Over the years, Black Hat has become one of the largest information security events in the world as cybersecurity has hit the mainstream. The event is known for putting the spotlight on security researchers and giving them a platform to share their latest work.

Black Hat is also a barometer for the top issues that are plaguing the cybersecurity industry right now. Here are four key storylines that were the talk of Black Hat USA 2017, held in Las Vegas last month:

  • WannaCry: On May 12, a strain of ransomware known as WannaCry hit thousands of computers globally, encrypting data and demanding ransom payments paid in Bitcoin. WannaCry spread rapidly by exploiting a zero-day vulnerability, or security weakness, in Windows computers. Although the vulnerability was patched by Microsoft in March, many users did not install the patches, in turn allowing WannaCry to wreak havoc on the industry. The exploit, known as EternalBlue, is generally believed to have been developed by the U.S. National Security Agency (NSA) and was leaked online in April by a group called The Shadow Brokers. After the WannaCry ransomware attack hit, cybersecurity firm Symantec* found strong links between WannaCry and Lazarus, a group responsible for the Sony hack in 2014 and the theft of $81 million from the Bangladesh Central Bank in 2016. The largest ransomware attack in history, WannaCry has yielded about $143,000 for the attackers. The clean-up continues for the affected organizations and individuals.
  • Petya: On June 27, a different strain of ransomware, known as Petya, hit many organizations internationally, particularly in Ukraine, where the attack originated. Petya used the same EternalBlue exploit as the WannaCry ransomware outbreak. It was later discovered by Kaspersky Lab and Comae Technologies founder Matt Suiche that Petya was a wiper disguised as ransomware. While ransomware is meant to encrypt data and make money, a wiper is designed to destroy and damage data. Even if victims paid the ransom, they weren’t able to retrieve their data. Ukraine’s state security service (SBU) accused Russia of being behind the Petya attack. Tensions between the two countries have been high since Russia annexed Crimea in 2014.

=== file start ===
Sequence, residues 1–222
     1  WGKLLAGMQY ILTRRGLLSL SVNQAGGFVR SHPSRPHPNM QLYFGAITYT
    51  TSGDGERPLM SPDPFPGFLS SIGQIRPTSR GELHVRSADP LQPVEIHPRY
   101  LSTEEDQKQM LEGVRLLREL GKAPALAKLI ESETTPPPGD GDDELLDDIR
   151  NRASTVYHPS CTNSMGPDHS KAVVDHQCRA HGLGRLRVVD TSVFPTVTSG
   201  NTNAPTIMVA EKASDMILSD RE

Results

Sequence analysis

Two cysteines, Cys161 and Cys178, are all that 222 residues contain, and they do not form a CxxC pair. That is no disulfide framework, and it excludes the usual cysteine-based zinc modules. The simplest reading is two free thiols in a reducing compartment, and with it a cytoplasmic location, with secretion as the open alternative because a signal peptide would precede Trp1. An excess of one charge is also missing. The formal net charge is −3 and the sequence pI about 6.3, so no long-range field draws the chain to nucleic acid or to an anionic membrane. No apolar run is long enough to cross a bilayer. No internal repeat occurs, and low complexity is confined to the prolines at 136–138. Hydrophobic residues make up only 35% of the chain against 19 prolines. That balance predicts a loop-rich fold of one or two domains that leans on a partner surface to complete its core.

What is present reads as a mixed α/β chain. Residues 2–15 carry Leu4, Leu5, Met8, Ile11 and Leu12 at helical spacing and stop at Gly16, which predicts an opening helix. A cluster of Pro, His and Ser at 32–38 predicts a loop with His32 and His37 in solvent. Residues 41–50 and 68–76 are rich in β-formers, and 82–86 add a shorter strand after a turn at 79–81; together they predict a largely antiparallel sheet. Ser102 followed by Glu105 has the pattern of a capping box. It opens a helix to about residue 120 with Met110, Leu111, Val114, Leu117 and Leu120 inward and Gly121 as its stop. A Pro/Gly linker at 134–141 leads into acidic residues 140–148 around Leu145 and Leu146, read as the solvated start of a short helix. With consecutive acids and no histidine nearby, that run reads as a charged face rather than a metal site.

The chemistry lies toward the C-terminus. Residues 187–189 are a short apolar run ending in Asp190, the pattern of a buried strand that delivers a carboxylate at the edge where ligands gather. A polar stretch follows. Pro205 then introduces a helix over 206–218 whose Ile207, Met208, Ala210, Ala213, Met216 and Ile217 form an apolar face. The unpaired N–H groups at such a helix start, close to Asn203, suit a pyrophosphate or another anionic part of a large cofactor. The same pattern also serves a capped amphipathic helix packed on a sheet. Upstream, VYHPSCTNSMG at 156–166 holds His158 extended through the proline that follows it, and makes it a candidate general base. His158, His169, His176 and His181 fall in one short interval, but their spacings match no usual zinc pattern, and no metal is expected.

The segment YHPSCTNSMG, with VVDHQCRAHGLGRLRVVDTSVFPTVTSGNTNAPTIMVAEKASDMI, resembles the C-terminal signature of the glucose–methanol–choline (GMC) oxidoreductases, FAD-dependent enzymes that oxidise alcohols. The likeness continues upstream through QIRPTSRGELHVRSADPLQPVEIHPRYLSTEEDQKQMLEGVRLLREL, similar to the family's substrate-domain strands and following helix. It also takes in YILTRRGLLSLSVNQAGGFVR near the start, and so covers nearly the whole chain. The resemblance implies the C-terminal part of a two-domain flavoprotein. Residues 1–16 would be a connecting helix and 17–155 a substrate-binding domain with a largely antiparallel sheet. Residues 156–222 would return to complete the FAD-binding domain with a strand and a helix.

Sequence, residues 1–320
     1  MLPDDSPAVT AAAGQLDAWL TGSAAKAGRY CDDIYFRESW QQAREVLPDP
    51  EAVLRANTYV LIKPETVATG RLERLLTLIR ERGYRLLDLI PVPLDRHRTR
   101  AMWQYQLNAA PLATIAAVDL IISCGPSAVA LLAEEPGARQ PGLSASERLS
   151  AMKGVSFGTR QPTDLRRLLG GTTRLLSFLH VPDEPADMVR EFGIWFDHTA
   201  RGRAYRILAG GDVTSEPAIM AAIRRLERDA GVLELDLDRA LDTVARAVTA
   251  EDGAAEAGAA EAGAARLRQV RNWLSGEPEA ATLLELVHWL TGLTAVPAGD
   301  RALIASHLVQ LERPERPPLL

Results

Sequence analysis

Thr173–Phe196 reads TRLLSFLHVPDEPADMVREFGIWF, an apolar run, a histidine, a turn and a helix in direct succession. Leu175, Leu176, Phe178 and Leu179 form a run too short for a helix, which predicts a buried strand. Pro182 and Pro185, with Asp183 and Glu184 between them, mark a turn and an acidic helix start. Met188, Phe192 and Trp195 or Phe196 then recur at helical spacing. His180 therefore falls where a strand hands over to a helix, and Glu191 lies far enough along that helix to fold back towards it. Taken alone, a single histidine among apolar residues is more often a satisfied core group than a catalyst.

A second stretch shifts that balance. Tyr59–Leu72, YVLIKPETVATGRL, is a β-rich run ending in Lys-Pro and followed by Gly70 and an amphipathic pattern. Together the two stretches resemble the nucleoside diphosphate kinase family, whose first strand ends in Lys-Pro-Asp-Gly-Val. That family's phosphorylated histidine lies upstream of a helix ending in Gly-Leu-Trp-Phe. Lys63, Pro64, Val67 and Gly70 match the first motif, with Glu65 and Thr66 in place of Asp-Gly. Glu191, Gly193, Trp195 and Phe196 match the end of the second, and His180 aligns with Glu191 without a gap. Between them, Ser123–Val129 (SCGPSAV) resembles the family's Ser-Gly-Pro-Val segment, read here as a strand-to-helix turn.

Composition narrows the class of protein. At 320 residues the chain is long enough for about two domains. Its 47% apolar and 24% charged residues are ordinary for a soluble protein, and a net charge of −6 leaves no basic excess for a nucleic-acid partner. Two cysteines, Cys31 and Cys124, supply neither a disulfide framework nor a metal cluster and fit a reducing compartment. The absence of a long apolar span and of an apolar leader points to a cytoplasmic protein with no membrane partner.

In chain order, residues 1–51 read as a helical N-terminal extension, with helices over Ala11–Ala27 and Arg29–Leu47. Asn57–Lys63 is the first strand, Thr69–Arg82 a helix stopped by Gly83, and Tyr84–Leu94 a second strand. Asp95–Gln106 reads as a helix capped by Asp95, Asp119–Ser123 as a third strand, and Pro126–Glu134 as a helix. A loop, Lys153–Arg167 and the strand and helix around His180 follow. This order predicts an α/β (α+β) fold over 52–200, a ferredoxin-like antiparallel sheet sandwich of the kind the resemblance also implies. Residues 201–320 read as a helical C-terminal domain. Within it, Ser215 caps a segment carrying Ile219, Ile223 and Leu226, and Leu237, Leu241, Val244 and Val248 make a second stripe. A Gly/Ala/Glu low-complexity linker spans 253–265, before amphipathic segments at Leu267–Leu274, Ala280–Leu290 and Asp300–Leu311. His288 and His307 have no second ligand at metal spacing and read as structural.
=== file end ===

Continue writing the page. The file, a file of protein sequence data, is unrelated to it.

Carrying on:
• Russia: It’s been more than a year since John Podesta (former chairman of the 2016 Hillary Clinton presidential campaign) received a spear phishing email that allowed Russian intelligence agencies to infiltrate the DNC’s computer systems. This led to DNC emails being leaked by WikiLeaks during the 2016 U.S. presidential election. Several cybersecurity firms, most notably CrowdStrike, and many U.S. intelligence agencies confirmed that Russia was responsible. The hack is still talked about today, and more information about it is still being uncovered. A Department of Homeland Security official revealed in late June that Russia targeted voting systems in up to 21 states, though there was no evidence that any votes were manipulated.
  • Kaspersky Lab: Because of Russia’s involvement in hacking the DNC and the U.S. presidential election, one cybersecurity company in particular has been put under the microscope by the U.S. government. Moscow-based Kaspersky Lab is suspected of being too closely connected to the same Russian intelligence agencies accused of conducting cyberattacks against the United States. In response, the Trump administration last month removed Kaspersky from two lists of approved vendors used by U.S. government agencies to purchase technology equipment.

Eddy Rivera is an account executive, Technology, Edelman Chicago.

*Edelman client